Anne Middleton's essays have been among the most vigorous, learned, and influential in the field of medieval English literature. Their 'crux-busting' energies have illuminated local obscurities with generous learning lightly wielded. Their historically- and theoretically-informed meditations on the nature of poetic discourse traced how the generation of Chaucer and Langland devised a category of the literary that could embody a ethos of engaged, worldly consensus and make that consensus available to imaginative and rational consideration. And their reflections on the enterprise of literary study found a rational way, free of cant, to understand the work of the literary scholar. This volume reprints eight essays: ’The Idea of Public Poetry in the Reign of Richard II,’ ’Chaucer's 'New Men' and the Good of Literature in the Canterbury Tales,’ ’The Physician's Tale and Love's Martyrs: 'Ensamples Mo than Ten' as a Method in the Canterbury Tales,’ ’The Clerk and His Tale: Some Literary Contexts,’ ’Narration and the Invention of Experience: Episodic Form in Piers Plowman,’ ’Making a Good End: John But as a Reader of Piers Plowman,’ ’William Langland's 'Kynde Name': Authorial Signature and Social Identity in Late Fourteenth-Century England,’ ’Life in the Margins, or, What's an Annotator to Do?’ It includes one essay previously unpublished, ’Playing the Plowman: Legends of Fourteenth-Century Authorship.’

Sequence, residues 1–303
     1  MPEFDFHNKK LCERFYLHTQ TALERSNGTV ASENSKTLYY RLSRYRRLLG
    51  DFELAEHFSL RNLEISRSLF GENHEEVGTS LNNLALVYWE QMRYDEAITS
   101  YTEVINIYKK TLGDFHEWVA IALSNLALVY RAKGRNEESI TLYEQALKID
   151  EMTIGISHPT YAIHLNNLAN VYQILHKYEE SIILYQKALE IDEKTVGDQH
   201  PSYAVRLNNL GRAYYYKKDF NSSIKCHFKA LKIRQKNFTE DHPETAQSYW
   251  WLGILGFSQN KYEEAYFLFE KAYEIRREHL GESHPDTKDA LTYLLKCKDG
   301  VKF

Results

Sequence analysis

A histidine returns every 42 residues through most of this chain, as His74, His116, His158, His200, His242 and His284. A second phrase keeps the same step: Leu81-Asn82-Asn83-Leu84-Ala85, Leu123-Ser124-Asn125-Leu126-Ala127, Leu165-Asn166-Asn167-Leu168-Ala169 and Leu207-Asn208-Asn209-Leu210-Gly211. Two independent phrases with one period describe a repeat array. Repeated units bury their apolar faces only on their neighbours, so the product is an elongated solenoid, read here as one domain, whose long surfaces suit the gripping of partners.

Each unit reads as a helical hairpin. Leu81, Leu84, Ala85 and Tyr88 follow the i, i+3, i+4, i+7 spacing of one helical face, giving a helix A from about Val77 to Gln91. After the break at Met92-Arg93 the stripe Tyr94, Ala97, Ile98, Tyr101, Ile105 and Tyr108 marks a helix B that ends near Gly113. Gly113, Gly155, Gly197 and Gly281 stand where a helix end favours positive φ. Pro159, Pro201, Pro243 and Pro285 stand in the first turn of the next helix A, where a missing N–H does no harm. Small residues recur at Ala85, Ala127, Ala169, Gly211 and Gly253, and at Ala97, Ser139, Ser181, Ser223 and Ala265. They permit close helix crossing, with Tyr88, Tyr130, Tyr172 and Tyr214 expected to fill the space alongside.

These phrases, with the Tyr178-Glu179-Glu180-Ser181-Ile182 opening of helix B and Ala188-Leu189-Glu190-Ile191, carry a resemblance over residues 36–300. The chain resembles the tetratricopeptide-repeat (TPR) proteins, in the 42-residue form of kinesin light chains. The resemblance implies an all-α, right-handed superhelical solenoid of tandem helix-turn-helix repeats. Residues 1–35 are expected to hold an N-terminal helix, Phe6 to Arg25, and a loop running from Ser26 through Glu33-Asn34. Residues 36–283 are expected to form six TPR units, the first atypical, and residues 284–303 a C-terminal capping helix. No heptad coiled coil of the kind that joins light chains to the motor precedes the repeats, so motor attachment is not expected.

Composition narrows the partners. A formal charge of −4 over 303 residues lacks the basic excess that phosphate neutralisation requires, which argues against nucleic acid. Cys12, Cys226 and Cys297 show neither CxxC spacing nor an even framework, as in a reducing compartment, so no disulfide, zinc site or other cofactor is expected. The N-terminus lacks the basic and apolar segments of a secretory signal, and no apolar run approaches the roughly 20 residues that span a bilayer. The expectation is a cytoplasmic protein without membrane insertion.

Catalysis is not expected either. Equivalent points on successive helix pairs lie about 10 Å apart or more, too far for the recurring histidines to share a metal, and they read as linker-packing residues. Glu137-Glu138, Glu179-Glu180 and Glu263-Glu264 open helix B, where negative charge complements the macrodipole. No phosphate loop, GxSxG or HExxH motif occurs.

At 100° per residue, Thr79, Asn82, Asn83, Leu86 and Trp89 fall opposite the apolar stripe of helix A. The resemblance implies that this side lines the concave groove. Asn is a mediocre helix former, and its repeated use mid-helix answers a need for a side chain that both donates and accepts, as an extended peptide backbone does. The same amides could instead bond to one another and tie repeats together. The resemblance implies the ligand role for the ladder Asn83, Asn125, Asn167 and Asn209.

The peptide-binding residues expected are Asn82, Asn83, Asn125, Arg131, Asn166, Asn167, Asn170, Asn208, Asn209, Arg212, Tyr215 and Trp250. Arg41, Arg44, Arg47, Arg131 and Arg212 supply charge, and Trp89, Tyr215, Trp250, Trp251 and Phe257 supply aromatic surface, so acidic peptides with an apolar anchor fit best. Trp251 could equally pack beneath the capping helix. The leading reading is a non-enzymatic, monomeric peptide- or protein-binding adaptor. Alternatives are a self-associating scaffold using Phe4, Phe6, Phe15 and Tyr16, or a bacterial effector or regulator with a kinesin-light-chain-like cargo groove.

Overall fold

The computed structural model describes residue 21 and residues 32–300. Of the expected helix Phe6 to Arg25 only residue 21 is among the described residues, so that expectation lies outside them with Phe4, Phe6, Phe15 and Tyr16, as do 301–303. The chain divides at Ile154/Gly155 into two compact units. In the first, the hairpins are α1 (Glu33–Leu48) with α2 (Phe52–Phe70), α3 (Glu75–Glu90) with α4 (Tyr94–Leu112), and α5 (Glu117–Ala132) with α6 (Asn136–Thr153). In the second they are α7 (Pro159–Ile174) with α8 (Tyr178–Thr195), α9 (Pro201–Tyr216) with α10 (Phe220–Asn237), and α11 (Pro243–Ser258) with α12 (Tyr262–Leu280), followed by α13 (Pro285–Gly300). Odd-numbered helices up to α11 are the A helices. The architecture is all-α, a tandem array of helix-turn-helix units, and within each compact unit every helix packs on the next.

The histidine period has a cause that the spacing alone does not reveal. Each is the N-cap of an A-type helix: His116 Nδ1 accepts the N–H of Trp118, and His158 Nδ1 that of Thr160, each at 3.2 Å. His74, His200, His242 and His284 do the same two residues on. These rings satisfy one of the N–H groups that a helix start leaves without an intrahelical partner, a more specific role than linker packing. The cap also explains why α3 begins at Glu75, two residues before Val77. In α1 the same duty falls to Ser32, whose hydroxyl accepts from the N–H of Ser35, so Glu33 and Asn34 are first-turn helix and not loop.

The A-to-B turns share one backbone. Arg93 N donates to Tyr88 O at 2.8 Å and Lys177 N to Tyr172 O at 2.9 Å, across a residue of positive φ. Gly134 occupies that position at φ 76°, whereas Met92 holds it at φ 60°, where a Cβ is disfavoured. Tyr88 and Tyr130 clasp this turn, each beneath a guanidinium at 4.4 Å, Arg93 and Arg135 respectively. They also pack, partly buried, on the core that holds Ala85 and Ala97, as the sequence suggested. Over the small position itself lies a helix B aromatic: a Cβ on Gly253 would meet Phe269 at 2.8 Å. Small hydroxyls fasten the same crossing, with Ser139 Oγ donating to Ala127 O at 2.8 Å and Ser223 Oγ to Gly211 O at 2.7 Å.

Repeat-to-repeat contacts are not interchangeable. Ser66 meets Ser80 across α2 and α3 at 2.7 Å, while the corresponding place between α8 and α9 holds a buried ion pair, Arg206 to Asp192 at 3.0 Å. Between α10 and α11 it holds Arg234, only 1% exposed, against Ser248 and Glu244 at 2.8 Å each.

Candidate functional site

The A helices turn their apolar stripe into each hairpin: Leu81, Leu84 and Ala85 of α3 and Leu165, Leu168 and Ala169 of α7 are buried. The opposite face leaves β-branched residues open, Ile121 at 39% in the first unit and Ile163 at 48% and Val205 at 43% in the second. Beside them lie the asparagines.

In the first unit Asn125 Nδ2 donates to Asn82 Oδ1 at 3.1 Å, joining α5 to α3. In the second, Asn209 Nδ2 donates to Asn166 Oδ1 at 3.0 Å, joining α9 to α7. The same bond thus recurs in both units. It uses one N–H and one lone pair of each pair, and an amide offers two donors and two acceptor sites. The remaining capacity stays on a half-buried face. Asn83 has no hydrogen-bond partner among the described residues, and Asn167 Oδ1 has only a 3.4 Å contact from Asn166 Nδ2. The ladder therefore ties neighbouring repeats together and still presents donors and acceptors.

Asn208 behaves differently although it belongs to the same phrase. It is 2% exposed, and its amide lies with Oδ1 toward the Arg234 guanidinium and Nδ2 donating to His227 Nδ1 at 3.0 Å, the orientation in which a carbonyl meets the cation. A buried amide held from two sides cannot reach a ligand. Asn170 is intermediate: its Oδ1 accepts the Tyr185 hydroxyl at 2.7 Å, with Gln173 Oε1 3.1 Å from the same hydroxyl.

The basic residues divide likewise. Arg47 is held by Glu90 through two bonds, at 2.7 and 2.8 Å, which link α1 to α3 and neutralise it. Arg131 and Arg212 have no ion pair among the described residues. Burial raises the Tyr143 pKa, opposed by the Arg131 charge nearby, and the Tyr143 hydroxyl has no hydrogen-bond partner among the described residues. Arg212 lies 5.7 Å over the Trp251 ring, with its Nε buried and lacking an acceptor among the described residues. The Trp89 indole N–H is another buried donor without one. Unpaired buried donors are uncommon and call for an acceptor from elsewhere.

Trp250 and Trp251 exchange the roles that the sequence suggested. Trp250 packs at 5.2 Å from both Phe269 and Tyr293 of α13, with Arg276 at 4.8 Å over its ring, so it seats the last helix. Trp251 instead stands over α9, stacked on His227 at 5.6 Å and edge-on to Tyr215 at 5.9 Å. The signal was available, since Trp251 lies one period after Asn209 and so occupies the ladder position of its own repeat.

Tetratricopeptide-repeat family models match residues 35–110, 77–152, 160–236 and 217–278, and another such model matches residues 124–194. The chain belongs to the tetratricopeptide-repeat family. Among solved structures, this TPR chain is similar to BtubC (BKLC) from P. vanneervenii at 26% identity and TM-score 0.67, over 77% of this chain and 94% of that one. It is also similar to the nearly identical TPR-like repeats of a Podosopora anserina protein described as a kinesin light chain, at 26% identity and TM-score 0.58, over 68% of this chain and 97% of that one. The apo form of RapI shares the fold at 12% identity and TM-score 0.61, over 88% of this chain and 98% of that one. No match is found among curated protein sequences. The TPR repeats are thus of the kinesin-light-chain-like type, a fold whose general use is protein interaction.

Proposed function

Table of Contents
Contents: Publications of Anne Middleton; Introduction, Steven Justice; The idea of public poetry in the age of Richard II; Chaucer's 'new men' and the good of literature in the Canterbury Tales; The Physician's Tale and love's martyrs: 'ensamples mo than ten' as a method in the Canterbury Tales; The Clerk and his tale: some literary contexts; Playing the plowman: legends of 14th-century authorship; Narration and the invention of experience: episodic form in Piers Plowman; Making a good end: John But as a reader of Piers Plowman; William Langland's 'kynde name': authorial signature and social identity in late 14th-century England; Life in the margins, or, what's an annotator to do?